[FRPythoneers] Doctest

Sean Reifschneider jafo at tummy.com
Thu Jul 26 14:29:15 MDT 2001

On Thu, Jul 26, 2001 at 08:08:59AM -0600, Jim Vickroy wrote:
>If you do not like an OO framework for testing, PyUnit probably should not
>be your tool of choice.

In PyUnit, you the syntax for specifying that a test's failure is
non-fatal is:

   def testSomeTestName(self):

which to me doesn't seem overly OO.  It reminds me of the people who want a
short-hand for doing something and so they overload an operator.  "Adding a
string to this NNTP class sets the newsgroup you're in."

Obviously, I'd rather see "failIfNotEqual(cmp('a', 'b'), -1, fatal = 0)",
where a test failure is flagged as being non-fatal using "fatal = 0" than
"def testFunctionName(self):".

The best case that comes to me for not using the function semantics is if
you want to run the test against a large list of data.  For example, I was
writing some code which did a comparison between RPM version strings, and
for testing I was considering generating a table based on the output of the
C implementation so I could refactor it in Python.  I was going to generate
a list of thousands of these strings and the expected results based on
real-world version strings on a distributions.

In PyUnit, if I were to do:

   for lhs, rhs, expected in rpmVersTestList:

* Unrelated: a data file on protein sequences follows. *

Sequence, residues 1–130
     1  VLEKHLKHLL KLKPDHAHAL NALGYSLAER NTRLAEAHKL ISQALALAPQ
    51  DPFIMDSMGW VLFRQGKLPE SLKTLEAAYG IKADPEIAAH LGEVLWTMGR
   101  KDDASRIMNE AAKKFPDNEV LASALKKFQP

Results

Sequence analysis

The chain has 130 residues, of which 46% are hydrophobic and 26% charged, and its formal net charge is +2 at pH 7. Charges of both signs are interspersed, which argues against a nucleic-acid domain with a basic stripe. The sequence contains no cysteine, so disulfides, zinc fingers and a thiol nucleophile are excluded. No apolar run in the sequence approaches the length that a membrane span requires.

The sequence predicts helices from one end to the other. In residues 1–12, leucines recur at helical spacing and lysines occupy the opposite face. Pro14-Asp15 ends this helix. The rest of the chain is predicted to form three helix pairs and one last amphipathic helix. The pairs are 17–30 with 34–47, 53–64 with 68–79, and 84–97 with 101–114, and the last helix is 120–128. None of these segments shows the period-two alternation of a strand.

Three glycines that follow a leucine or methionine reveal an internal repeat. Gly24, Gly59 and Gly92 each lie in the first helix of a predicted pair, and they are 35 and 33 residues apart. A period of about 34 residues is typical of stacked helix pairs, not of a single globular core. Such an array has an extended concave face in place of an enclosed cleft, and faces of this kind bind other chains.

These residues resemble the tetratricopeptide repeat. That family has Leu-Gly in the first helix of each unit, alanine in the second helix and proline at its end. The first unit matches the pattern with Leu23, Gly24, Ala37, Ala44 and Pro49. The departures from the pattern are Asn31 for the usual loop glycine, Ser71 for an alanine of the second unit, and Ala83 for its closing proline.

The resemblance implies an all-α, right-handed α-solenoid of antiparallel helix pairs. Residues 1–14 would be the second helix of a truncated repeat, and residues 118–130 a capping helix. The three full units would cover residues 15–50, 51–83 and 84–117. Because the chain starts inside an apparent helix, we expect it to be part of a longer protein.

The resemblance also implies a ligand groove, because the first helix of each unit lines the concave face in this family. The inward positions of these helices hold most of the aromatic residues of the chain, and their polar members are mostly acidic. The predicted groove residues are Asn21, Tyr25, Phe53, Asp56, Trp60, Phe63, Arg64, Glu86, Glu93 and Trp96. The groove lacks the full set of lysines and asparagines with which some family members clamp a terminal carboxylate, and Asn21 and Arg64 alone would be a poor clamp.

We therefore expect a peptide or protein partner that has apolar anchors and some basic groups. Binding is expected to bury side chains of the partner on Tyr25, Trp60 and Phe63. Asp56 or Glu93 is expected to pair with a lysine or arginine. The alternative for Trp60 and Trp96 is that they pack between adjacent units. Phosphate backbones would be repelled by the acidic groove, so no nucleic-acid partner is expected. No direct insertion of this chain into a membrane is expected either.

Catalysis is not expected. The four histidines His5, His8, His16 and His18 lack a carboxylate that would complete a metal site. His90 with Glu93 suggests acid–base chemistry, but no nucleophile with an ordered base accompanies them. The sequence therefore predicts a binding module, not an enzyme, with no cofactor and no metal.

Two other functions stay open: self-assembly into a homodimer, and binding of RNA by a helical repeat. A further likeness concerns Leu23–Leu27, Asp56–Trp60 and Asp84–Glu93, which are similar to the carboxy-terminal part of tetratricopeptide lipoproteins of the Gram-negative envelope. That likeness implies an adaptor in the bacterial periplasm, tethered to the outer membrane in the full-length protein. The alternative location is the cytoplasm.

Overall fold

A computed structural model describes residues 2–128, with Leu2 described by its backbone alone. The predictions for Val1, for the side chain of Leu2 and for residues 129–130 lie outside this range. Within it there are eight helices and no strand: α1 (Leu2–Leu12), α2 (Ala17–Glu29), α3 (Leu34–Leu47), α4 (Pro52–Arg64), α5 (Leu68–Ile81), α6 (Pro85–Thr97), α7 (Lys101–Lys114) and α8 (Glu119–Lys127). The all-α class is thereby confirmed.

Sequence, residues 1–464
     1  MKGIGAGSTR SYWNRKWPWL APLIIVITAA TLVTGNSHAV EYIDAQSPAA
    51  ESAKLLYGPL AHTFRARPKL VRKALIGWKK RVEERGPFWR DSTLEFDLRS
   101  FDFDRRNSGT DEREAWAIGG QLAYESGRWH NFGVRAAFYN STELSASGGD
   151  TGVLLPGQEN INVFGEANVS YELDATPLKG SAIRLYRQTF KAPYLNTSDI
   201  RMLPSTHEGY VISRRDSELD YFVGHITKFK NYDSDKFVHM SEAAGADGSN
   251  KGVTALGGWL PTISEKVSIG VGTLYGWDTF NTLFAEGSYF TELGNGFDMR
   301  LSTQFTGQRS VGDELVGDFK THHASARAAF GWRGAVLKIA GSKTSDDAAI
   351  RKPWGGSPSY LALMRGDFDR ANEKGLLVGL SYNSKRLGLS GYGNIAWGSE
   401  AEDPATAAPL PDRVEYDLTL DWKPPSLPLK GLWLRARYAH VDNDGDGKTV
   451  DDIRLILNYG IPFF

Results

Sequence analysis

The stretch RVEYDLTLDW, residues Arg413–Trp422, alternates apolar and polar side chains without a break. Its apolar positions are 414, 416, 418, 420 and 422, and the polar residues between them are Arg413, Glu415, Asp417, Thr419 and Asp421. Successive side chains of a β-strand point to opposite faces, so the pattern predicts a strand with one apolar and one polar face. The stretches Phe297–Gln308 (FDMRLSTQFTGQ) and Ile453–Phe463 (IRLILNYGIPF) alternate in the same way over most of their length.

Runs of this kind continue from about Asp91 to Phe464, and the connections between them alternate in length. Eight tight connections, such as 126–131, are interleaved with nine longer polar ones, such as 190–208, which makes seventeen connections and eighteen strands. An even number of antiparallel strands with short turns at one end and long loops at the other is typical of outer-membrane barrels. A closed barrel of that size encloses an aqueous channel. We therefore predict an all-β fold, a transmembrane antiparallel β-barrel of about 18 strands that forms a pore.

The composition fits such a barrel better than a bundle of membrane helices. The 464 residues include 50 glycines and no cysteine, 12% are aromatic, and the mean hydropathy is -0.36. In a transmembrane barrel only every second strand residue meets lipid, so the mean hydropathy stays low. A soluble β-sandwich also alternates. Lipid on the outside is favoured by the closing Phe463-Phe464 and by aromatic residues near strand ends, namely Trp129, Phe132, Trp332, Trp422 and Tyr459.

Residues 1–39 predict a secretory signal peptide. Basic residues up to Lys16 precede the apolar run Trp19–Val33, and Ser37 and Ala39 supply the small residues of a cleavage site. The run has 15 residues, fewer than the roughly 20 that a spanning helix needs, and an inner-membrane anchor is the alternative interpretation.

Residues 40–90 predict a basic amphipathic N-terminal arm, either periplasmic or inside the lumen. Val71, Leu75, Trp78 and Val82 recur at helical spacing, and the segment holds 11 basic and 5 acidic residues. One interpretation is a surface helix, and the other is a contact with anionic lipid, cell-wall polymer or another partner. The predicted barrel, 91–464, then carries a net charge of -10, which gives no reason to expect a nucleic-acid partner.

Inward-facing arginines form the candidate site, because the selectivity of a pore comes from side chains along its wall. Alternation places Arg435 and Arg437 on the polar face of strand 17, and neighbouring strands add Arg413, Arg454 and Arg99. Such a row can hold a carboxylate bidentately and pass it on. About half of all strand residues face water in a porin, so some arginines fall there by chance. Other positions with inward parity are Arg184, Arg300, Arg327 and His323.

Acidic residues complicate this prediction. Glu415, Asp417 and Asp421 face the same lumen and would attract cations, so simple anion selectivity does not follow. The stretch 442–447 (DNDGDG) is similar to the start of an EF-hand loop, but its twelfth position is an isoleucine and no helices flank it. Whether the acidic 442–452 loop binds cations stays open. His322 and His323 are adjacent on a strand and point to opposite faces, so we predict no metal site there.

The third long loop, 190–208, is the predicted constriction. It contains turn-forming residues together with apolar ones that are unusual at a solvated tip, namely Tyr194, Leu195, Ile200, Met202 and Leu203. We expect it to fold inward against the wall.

test.failIfNotEqual(rpmverscmp(lhs, rhs), expected)

it's going to terminate at the first one found, and in fact there doesn't
seem to be a real way to get them all to run short of doing something like
the following in the test setup:

   i = 0
   for lhs, rhs, expected in rpmVersTestList:
      setattr(self, 'test%04d',
            lambda test, x = lhs, y = rhs, z = expected:
            test.failIfNotEqual(x, y, z))

In this case, the most important data I can get from the test-suite is not
that one of the tests failed, but the pattern of WHICH tests failed.  That
allows me to determine that, for example, all tests which had a release
name of the format "number-string-number" were failing.  Or version strings
that both have a trailing alpha string have the logic reversed.

Evelyn asserts that this is regression testing, not unit testing, so maybe
what I want to do just isn't suitable for the unittest module.

Guess you don't need any more of Uche and I tag-teaming you...  I do agree
with him that supporting people who test both ways would be nice though...

Thanks for the pointers.

 We are all in the gutter, but some of us are looking at the stars.
                 -- Oscar Wilde
Sean Reifschneider, Inimitably Superfluous <jafo at tummy.com>
tummy.com - Linux Consulting since 1995. Qmail, KRUD, Firewalls, Python

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